In the world of business, the phrase “Don’t take a chance on a deal before you’ve completed your due diligence” is frequently repeated. It’s true: The pitfalls of not performing thorough due diligence on the company and valuation could be catastrophic both financially and for reputational reasons.
Due diligence is the process of examining all the information that buyers need to make an informed decision about whether or not to buy a company. Due diligence also helps identify potential risks and serves as the foundation for capturing value in the long term.
Financial due diligence checks the accuracy of a potential company’s income statements and balance sheets, as well as cash flows, as well as assessing pertinent footnotes. This includes identifying assets that are not recorded and liabilities, as well as overstated revenue that could negatively impact the value of a business.
Operational due diligence, in contrast is focused on a business’s capability to function independently of its parent company. AaronRichards examines a company’s ability to increase the size of its operations and improve the performance of its supply chain and increase capacity utilization.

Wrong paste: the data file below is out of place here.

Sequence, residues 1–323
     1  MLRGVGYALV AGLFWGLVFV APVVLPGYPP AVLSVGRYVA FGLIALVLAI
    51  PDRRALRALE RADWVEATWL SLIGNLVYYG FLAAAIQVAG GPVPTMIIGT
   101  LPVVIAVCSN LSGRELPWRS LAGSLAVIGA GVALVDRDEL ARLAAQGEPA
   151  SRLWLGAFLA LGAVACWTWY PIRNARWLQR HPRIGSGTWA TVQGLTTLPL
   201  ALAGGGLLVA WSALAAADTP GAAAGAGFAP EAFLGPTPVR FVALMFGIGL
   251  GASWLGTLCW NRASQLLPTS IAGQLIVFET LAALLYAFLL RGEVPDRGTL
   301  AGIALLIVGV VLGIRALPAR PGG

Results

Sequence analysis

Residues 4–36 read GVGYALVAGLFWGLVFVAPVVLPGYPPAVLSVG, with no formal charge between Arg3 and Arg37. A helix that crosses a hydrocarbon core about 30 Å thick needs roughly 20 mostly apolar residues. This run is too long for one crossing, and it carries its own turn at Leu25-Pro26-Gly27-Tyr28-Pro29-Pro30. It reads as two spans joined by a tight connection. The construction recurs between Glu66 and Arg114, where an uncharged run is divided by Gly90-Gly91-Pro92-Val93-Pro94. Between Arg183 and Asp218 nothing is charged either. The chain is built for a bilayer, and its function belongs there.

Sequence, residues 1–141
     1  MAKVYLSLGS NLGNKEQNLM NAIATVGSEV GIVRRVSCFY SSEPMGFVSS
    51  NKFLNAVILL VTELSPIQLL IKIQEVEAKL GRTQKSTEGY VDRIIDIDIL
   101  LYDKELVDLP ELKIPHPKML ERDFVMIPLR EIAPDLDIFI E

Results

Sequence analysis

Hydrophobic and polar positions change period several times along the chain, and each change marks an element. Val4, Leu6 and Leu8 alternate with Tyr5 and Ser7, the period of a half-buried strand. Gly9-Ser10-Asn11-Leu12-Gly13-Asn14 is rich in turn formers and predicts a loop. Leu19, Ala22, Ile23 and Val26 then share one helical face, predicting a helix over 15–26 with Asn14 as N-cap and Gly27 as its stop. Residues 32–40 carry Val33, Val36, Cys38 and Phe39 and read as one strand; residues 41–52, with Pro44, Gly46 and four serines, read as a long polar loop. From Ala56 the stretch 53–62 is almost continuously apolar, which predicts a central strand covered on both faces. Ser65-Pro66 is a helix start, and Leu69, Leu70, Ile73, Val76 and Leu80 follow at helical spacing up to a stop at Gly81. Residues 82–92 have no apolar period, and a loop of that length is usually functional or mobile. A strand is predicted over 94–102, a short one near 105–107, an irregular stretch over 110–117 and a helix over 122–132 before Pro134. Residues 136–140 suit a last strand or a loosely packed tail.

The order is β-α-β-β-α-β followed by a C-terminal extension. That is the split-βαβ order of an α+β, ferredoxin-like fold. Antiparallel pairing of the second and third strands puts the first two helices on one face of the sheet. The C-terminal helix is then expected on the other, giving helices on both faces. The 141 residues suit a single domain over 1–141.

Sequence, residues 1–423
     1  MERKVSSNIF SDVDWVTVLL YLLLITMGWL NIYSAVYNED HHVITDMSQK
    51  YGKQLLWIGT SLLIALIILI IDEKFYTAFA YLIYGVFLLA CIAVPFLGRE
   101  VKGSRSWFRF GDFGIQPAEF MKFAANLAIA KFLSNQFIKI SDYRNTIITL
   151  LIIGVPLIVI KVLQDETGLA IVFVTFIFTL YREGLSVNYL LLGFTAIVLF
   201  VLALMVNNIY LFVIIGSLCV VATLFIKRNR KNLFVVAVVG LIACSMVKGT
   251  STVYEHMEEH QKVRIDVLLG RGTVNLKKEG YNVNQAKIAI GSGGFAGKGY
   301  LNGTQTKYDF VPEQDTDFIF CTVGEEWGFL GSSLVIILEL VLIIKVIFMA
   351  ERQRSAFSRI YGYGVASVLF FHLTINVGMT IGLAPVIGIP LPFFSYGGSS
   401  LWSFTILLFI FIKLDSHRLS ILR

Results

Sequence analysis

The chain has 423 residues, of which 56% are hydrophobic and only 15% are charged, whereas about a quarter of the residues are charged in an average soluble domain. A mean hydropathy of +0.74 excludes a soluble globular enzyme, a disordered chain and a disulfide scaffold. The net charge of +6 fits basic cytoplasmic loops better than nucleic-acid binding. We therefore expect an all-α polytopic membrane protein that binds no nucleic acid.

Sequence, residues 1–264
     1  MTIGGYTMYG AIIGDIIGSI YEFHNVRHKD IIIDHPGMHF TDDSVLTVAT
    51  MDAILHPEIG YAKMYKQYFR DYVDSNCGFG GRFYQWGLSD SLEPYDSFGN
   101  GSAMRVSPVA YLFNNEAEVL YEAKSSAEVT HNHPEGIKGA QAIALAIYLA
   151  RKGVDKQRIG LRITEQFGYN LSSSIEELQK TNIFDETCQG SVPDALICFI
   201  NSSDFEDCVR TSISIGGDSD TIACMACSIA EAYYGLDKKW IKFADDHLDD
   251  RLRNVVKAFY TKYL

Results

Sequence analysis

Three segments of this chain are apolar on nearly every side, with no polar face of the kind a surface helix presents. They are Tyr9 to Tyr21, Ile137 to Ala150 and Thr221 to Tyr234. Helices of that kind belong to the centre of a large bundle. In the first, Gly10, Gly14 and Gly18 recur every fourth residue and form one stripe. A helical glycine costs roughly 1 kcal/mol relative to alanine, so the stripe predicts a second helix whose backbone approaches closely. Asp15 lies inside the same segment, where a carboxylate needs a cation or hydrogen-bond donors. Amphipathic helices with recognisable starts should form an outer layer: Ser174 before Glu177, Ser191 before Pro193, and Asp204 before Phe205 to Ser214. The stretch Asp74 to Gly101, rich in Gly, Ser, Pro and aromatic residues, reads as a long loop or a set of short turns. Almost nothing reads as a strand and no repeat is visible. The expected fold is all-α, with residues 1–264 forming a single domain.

Management and Leadership – This is a key part of the due diligence process because it shows the importance of current owners to the success of the company. If the company was established by a family member, for instance, it’s important to determine if there’s any hostility or an unwillingness to sell.
Investors look at the long-term value of a company during the valuation phase of due diligence. There are a variety of methods to evaluate this, and it’s crucial that the method of valuation is selected with care based on the size of the company and the kind of industry being assessed.